Johannesburg: The new heads of the International Monetary Fund (IMF) and the World Bank will face calls to revamp their organizations at talks with finance ministers and bank chiefs of the world’s biggest economies in South Africa this weekend.

World Bank president Robert Zoellick (left) and IMF managing director Dominique Strauss-Kahn

“It will be the first time that we are able to have the new president of the World Bank and the new managing director of IMF, addressing a meeting of governors and finance ministers, so it gives us the platform that we want to discuss reform of the Bretton Woods institutions," said Manuel, who will chair the meeting at Kleinmond, near Cape Town, from 17-18 November. “The topic will be quite central to our discussions."

While G-20 includes traditional giants such as the US, Germany and Japan, it also features emerging powers such as India, China and Brazil which feel the lending institutions ignore the demands of the developing world.

Strauss-Kahn has acknowledged the need to overhaul IMF and has pledged to make reform the core of his stewardship. “The world has changed, it’s not how it was 50 years ago. Brazil, India and South Africa need more consideration," he said on a recent visit to South Africa.

South Africa’s support for Strauss-Kahn’s candidacy came on condition the developing world’s representation in the 185-nation institution is significantly increased on his watch.

Zoellick, who took over as president of the World Bank in July, is also well-versed in the demands of the developing world from his previous posts as number two in the State Department and the US Trade Representative from 2001 to 2005. It was during that time that he witnessed the launch of the World Trade Organization’s Doha Round of trade negotiations, which still remain unresolved and a source of friction between G-20 members.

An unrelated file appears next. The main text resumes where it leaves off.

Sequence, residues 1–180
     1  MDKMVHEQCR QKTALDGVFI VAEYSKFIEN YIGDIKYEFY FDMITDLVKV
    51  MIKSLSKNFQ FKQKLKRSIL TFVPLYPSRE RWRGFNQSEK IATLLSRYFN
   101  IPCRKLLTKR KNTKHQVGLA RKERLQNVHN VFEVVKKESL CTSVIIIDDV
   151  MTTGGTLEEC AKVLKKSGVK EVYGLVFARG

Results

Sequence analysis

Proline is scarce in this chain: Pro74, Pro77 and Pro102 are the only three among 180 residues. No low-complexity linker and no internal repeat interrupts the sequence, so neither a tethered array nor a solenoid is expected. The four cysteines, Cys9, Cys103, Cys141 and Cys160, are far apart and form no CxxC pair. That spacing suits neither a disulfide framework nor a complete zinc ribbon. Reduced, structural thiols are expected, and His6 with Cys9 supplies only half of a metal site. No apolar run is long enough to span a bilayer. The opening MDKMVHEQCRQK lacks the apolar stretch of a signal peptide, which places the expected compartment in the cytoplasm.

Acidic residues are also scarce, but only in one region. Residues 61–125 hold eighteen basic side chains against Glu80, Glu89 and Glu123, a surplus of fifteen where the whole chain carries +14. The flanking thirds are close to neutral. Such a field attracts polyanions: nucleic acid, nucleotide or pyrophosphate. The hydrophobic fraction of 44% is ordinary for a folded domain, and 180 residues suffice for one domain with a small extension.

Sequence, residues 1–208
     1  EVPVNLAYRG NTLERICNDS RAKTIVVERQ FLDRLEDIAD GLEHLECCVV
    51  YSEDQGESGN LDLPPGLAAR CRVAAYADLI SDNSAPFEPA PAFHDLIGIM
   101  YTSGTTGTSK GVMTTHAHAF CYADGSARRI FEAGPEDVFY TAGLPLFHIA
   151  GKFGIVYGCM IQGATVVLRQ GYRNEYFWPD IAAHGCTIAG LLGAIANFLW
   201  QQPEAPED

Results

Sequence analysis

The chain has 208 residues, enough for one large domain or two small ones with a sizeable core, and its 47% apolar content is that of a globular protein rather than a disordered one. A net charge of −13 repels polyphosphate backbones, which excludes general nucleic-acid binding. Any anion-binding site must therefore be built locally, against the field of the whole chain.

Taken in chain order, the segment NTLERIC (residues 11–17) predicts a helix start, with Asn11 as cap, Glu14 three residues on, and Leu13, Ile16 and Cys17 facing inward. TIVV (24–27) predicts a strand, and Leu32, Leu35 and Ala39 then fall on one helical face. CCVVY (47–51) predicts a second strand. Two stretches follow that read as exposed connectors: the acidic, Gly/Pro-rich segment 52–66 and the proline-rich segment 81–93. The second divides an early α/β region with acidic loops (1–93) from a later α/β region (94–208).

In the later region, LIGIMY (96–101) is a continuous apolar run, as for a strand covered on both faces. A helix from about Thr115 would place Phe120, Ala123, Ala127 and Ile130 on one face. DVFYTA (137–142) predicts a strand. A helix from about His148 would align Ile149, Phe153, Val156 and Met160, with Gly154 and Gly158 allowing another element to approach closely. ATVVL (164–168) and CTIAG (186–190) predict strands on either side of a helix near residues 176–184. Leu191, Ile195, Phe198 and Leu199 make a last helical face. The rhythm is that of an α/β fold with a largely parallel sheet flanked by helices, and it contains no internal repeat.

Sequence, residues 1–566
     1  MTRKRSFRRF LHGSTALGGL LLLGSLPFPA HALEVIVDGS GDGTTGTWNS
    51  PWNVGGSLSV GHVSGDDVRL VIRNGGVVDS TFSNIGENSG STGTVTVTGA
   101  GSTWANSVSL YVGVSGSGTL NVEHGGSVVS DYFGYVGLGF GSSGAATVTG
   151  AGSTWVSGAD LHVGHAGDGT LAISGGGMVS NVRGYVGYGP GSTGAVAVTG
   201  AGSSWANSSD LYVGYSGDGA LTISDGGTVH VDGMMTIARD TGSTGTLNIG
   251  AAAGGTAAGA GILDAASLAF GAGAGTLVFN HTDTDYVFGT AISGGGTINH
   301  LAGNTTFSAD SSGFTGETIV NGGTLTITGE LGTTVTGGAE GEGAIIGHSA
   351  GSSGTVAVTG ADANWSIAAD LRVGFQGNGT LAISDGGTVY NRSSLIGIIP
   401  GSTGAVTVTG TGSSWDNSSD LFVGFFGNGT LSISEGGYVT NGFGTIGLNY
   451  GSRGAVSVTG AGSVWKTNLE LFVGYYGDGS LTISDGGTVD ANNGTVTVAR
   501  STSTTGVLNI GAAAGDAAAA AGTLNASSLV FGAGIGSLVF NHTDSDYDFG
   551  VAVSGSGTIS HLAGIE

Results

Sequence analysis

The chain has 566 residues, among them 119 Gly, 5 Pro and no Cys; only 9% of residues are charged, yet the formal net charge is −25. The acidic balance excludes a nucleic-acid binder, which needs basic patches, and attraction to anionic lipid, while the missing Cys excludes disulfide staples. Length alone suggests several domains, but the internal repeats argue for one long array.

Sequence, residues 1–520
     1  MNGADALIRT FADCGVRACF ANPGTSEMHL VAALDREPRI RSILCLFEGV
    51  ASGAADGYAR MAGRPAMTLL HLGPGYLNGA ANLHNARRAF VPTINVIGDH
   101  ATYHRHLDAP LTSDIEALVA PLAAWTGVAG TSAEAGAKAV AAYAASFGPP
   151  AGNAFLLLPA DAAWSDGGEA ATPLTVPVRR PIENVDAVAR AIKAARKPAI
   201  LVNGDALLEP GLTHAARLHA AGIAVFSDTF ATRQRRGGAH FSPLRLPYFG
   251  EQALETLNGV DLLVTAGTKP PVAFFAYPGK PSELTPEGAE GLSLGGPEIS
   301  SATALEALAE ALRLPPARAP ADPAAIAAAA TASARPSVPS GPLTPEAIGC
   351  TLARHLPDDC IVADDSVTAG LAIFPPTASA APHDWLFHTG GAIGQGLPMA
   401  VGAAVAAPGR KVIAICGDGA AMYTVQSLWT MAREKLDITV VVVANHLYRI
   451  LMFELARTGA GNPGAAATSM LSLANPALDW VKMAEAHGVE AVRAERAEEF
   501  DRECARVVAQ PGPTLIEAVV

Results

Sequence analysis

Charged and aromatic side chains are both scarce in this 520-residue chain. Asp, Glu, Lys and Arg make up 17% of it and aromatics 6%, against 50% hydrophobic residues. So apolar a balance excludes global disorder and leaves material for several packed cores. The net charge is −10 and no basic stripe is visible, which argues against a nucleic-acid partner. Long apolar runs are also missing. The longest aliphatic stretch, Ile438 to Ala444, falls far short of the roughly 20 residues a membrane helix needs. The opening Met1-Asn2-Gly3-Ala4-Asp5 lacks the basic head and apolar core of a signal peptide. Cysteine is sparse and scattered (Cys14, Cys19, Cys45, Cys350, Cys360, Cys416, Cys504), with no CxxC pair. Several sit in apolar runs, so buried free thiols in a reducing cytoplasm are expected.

South Africa’s central bank governor, Tito Mboweni, said it was only natural that concerns over “the misalignment of power relations" in the the World Bank and IMF would crop up at the G-20 gathering.

“We have quite a number of significantly emerging market countries, which today contribute quite significantly to the global economy, and yet their voice and their representation in these global institutions is not reflective of that."

The conference will be held against the backdrop of volatility, with the price for a barrel of oil hovering around the $100 (about Rs4,000) mark, and the US’ subprime lending problem spilling over into smaller financial ­markets.

“We would not want the subprime market problem to continue to cause any further global financial instabilities because that will ‘complicate the work’ that we would want to do at the G-20 level," he added.